I'll Be There for You (by Louise Candlish)

I've read and enjoyed a few books by Louise Candlish in the past year or so, so was pleased to receive another for my birthday a couple of months ago.

'I'll be there for you" is the story of two sisters. Juliet, who we meet first, works for an advertising company. She sometimes clashes with the boss, although she's also had a brief fling with him, but has some very good friends as colleagues. She has plenty of ideas, but tends to feel stressed rather than relaxed, and is generally more interested in after-work drinking and smoking; her self-esteem isn't great anyway, and as we discover fairly soon she's still grieving from the loss of her fiance Luke a year previously. Much of her self-destructive behaviour seems to come from an attempt to hide from her deepest feelings - and we only gradually learn just why her loss was so difficult in many ways.

Juliet used to be very close to her older sister Hannah, who is a calmer, more motherly kind of person. But Hannah is now married to the slick Michael whom Juliet doesn't like or trust. Michael is known as a womaniser, but he's quite rich, and Hannah likes to live comfortably. So somehow, in their drastically changed circumstances, the sisters have drifted apart. There's a younger sister, too, who is still a student, but she doesn't feature all that much in the book.

As life comes crashing around Juliet and Hannah's ears in various ways, they learn a great deal about themselves and the people who care for them. Hannah makes a new friend whose circumstances are about as far away from hers as possible; I liked Siobhan very much, and found her perhaps the most interesting person in the book.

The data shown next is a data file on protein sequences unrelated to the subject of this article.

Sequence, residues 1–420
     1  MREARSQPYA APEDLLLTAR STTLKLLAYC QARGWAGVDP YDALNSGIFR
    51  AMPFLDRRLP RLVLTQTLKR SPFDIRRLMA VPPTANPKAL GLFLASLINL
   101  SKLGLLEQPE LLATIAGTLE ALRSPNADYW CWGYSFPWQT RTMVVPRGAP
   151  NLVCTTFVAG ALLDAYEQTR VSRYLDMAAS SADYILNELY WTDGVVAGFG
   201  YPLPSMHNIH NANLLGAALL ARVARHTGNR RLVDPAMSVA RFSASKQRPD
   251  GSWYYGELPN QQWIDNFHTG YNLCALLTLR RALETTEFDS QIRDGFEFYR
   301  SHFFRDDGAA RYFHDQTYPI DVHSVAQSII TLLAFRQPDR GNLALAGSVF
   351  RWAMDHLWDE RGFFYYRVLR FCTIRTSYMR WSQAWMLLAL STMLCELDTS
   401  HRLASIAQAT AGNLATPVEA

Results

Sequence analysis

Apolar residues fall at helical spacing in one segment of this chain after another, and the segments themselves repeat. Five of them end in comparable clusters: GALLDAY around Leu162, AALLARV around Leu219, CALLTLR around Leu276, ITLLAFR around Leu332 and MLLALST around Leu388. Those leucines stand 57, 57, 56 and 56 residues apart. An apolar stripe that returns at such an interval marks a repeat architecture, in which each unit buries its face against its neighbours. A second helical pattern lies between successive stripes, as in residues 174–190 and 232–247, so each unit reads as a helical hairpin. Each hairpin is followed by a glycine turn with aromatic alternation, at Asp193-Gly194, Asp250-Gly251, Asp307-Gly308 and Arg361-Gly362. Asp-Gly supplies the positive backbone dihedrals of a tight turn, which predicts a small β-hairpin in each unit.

I thought it was well-written, with plenty of interesting and believable subplots, and a mostly satisfactory ending. Some moving sections and some lovely people. My main irritations were that the lifestyles of the main characters were so far removed from anything I've ever come across that they didn't feel real; one-night stands, all-night drinking sessions, and perhaps most unbelievable of all, the way that so many otherwise intelligent people kept reaching for cigarettes: something that seemed entirely irrelevant to the plot. There was rather more bad language than I'm comfortable with, as well; again, this is something I simply don't hear in real life, so it grates somewhat when I read it in books.

But all in all, I enjoyed 'I'll be there for you' and its thoughtful explorations of sibling relationships. Quite thought-provoking in places, with some deep issues covered in sensitive ways. Recommended. Available on Kindle as well as in paperback.

Review copyright Sue's Book Reviews, 28th June 2011

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